Yesterday, Benchmark, the powerful venture firm and a major Uber shareholder, filed a lawsuit against the company’s recently ousted CEO Travis Kalanick in a remarkable move.
It now alleges that Kalanick ultimately hopes to “pack the board to facilitate his desired re-appointment as Uber’s CEO,” and it aims to stop that maneuver.
It had front row seats into what was happening at the company — not to mention unfettered access to the endless media coverage that Uber’s controversial corporate culture has received since its initial launch in San Francisco.
Not only does the lawsuit feel disingenuous, but the six-person partnership — considered among the top firms in the world and a unique alternative to fierce rivals like the sprawling Andreessen Horowitz, as well as the more metrics-driven Sequoia Capital — has now made plain that when push comes to shove, it won’t be so founder-friendly after all.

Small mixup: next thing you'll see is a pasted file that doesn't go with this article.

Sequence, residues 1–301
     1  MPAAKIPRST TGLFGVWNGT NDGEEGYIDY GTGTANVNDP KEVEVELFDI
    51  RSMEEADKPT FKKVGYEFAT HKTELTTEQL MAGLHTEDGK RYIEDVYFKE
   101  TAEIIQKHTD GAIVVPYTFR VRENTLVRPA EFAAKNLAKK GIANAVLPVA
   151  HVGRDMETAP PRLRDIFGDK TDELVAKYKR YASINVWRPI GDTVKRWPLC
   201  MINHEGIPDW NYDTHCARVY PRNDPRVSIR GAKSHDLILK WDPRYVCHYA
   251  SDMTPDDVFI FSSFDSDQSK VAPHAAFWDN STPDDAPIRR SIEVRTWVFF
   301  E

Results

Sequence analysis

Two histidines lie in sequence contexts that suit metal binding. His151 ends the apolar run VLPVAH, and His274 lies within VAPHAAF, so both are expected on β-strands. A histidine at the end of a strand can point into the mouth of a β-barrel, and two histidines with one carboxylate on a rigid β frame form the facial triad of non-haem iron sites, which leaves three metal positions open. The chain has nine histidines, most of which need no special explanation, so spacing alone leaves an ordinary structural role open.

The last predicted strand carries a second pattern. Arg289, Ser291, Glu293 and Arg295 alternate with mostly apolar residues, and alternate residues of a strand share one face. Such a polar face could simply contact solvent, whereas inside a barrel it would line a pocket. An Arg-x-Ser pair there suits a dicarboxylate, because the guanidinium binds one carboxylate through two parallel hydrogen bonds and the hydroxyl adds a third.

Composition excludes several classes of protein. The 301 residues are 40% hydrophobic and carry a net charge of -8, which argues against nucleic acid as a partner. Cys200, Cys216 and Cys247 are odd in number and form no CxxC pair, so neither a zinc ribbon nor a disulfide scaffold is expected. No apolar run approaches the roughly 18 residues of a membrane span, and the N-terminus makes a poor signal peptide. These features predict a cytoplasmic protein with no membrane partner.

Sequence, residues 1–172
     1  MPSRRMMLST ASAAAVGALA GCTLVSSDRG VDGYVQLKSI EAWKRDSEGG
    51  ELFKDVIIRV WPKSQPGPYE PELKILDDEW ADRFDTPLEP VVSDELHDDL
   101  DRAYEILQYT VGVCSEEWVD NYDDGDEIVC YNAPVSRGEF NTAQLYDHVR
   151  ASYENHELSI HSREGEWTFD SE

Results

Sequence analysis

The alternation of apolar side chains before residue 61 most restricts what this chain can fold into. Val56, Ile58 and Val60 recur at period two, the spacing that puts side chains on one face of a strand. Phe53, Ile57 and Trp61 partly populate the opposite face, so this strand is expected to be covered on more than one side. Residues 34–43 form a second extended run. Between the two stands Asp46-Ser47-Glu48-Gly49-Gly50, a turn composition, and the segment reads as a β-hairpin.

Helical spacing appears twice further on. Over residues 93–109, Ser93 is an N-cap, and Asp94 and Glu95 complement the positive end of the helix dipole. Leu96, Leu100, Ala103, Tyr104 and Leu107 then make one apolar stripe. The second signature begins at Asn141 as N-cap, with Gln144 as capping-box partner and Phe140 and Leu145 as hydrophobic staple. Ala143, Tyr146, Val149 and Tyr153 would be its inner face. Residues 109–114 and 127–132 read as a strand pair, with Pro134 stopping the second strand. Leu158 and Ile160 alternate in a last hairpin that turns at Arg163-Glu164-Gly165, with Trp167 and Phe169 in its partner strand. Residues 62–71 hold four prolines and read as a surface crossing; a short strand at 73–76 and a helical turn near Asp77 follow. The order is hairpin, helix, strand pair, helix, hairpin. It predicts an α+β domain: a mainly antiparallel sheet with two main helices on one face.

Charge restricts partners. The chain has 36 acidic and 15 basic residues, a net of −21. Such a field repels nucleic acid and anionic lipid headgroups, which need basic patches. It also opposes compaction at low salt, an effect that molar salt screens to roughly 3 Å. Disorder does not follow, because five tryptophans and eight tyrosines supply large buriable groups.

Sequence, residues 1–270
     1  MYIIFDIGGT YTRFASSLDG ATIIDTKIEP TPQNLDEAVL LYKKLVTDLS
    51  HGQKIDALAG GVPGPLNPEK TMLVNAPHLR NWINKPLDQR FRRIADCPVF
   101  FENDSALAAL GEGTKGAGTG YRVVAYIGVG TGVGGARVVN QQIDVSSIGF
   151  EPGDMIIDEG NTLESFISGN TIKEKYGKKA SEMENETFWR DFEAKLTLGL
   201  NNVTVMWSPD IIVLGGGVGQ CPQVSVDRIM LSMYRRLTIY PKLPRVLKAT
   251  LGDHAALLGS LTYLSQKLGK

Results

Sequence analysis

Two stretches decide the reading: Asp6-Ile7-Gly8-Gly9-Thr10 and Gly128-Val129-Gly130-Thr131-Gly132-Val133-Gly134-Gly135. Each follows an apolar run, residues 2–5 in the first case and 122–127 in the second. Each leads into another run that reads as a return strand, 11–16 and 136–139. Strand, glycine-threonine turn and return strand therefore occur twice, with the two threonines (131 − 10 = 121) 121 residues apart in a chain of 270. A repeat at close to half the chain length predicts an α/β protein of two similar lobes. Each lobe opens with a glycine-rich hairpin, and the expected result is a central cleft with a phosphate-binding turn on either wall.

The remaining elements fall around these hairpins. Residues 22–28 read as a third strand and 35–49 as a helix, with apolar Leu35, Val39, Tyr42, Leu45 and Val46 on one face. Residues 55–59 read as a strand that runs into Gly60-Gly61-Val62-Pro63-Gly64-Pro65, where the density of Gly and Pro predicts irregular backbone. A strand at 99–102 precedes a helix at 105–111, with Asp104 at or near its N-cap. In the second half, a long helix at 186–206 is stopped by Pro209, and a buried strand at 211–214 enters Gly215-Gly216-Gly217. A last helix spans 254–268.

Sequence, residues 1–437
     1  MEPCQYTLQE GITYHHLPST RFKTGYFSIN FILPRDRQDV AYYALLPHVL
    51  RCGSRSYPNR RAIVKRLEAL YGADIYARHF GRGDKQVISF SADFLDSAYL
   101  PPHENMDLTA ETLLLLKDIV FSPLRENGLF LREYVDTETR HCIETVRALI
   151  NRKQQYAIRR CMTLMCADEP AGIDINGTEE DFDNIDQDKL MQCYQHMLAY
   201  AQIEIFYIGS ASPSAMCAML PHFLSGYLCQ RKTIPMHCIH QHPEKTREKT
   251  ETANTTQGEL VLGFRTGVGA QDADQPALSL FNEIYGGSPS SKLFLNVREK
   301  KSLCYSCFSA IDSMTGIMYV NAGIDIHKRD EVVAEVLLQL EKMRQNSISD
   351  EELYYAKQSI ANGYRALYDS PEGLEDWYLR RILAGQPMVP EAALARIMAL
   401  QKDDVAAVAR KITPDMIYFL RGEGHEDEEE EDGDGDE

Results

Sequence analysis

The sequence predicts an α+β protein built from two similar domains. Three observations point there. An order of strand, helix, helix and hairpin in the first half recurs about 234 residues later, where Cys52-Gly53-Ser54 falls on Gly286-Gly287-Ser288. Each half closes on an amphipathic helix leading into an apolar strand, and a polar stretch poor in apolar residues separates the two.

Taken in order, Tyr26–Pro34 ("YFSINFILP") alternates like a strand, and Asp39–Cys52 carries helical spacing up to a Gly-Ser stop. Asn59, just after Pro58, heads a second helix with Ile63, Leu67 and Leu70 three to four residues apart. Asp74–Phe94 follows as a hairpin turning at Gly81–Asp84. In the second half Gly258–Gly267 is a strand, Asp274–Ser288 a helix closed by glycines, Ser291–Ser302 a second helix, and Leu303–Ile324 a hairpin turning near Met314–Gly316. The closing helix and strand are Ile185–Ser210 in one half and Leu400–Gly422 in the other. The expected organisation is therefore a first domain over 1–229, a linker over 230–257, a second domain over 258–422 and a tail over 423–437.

Given Benchmark’s reported 10 percent stake in Uber, its partners each stand to make hundreds of millions of dollars from the company in carried interest.
- Uber Investor Declares a State of EmergencyBloomberg
- More Uber woes: Exec resigns, investor sues ousted CEOPost-Bulletin
- Uber Investor Sues to Force Former CEO Travis Kalanick Off BoardNBCNews.com
- Uber Drama Is Driving Execs OutPYMNTS.com
- Travis Kalanick sued by major Uber investorWFMZ Allentown
- Uber exec resigns, investor sues ousted CEOKIMA CBS 29
- Axios Pro RataAxios
- Data Sheet—Friday, August 11, 2017Fortune
- 6 Most Important Things in Business Today24/7 Wall St.